With inflation hitting a 17-year high (subscription required) and foreign economic growth tanking (subscription req'd) (not to mention another military conflict breaking out), things economic certainly could be better. Of course they could be much, much worse.
The advance estimate for real GDP in the second quarter showed growth of nearly 2 percent. While hardly impressive, it is likely that this number will be revised up to possibly 3 percent. Manufacturing output increased for the second consecutive month in July and the gains were widespread; closer to home for NEMA, electrical equipment output remains solid.
An impressive rally (subscription required) as of late by the dollar versus the Euro and other major global currencies has had many desirably effects, particularly taking the edge off import price inflation and the dollar hedging benefits of investing in oil and other commodities. Plus, overseas travel just became a little more affordable. Whether the dollar rally puts a dent in export growth, which has been a critical driver of the broader American economy, remains to be seen, but it will be closely watched.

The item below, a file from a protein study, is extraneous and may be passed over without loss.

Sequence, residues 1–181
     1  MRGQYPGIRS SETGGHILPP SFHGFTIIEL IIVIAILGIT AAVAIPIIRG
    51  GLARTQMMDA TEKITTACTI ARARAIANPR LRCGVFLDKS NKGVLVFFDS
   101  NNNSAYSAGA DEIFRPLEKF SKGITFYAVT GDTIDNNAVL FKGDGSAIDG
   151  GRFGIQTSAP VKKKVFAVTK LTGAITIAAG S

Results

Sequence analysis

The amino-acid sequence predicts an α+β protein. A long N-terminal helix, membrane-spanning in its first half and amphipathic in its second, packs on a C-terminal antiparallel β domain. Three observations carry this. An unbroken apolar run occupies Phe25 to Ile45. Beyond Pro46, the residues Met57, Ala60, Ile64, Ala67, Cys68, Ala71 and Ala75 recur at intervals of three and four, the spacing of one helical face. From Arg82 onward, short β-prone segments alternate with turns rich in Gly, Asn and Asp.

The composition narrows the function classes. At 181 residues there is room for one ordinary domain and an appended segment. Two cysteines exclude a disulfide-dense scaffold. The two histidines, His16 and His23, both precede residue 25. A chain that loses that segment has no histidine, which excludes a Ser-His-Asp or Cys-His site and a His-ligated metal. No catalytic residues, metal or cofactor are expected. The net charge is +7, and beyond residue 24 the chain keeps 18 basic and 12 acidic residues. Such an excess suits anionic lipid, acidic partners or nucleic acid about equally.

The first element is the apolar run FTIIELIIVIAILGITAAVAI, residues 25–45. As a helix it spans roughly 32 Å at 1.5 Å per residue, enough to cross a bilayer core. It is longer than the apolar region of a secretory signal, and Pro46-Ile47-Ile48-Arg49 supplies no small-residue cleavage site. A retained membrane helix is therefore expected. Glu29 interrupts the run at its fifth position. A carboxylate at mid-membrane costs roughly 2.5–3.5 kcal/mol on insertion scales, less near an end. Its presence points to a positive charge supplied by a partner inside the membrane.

Perhaps one of the lesser-noticed pieces of good news has been the significant retreat in commodity prices. Yes, crude oil spot and futures contracts are still fetching over $110 per barrel, but the pace at which gold, oil and natural gas prices have declined in the last few weeks has been a surprise. Some fear that falling prices will stop the drive towards reducing energy consumption dead in its tracks, but I disagree at least with respect to the near term. American consumers appear to have changed their habits enough that these shifts will stick this time around (see here for another example). If that were not enough, the supply side of the energy equation has already responded. Prices are high enough to encourage exploration and extraction in areas that were considered too expensive just a couple of years ago.